Glistening mushrooms, seeking roots, terrestrial seas, coiled ferns & burned fynbos.
The forest floor is a soft place, quiet and unassuming, yet it is rich with drama ever unfolding. In every season, in every tiny patch, a world is unmade and another is becoming. Trees tower above, but eventually they fall, and as they rest the forest floor makes of them a rich tapestry of shape, color and texture: the thick carpets of green moss, the glisten of pale mushrooms, the deep browns of fallen leaves. Like the sea, the forest floor is in constant motion, albeit slow and microscopic. Countless species transform the earth under our hiking boots. The antennae of fungi are visible tips of mycelial networks, endless miles of web that join together the roots of every tree. Through those connections the forest communicates, shares resources, and becomes whole. A coiled fern pushes up and unfurls in the leaf-scattered sunlight while its roots reach in the dark for their neighbors just beneath the forest floor.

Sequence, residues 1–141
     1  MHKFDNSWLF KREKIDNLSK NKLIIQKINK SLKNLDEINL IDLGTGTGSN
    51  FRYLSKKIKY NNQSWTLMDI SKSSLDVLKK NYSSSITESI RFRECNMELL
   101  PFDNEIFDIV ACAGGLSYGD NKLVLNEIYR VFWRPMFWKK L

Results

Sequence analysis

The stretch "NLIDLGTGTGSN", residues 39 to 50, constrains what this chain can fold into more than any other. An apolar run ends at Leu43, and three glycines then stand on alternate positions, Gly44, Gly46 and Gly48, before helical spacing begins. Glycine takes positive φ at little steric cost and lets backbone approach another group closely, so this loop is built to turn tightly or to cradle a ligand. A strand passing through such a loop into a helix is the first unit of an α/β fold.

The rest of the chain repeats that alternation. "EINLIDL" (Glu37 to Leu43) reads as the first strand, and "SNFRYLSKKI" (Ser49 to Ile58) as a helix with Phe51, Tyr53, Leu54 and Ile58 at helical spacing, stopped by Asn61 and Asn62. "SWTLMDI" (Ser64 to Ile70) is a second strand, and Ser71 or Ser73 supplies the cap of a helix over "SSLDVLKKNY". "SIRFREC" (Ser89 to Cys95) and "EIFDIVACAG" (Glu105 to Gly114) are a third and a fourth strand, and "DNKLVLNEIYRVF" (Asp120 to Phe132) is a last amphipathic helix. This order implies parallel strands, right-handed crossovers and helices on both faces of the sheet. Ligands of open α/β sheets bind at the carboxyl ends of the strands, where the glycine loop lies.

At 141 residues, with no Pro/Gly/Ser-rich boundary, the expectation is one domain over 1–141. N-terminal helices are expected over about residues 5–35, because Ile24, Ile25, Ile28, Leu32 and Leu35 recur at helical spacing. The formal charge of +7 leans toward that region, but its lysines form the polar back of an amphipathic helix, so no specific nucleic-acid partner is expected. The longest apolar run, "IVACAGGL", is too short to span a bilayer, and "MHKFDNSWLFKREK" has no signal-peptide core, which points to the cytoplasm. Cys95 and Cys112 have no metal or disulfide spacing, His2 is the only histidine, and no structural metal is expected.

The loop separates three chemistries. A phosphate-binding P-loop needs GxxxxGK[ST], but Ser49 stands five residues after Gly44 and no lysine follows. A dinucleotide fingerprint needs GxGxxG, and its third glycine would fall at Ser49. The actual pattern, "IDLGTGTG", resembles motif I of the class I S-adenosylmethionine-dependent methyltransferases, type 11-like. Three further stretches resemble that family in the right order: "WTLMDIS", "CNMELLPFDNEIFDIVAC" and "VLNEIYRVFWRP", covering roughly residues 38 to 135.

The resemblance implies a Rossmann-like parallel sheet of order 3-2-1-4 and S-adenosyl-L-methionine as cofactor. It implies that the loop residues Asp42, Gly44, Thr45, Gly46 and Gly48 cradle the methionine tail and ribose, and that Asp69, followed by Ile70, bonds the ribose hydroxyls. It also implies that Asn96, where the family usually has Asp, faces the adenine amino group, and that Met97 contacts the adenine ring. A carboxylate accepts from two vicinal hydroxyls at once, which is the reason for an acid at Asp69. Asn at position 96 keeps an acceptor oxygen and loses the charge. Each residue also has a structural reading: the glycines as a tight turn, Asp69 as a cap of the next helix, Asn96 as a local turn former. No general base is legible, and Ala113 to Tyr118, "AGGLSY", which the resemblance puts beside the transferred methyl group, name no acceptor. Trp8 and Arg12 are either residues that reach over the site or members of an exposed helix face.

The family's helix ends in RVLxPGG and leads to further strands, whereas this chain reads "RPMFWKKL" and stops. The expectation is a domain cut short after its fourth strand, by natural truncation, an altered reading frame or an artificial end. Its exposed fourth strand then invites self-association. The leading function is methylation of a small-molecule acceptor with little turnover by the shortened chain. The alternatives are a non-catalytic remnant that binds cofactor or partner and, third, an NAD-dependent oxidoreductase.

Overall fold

The pictures in this collection begin in temperate forest not two hours from New York City and go to Sweden’s bog-forest south of the Arctic Circle, to a rocky scrub forest in the Alps of southern France, and to a hillside of burned fynbos on South Africa’s central coast.
Darin Wahl is a PhD candidate in sustainability science and a teacher with a lifelong love for wandering and taking photos. His work is an exploration of the human-environment relationship and the struggles of these intertwined worlds to live and thrive. His photos can be seen at instagram.com/dwahl3 and igualtequiero.com. This photo essay was a finalist for Nowhere’s 2021 Emerging Travel Photographers’ Prize. All photos © Darin Wahl.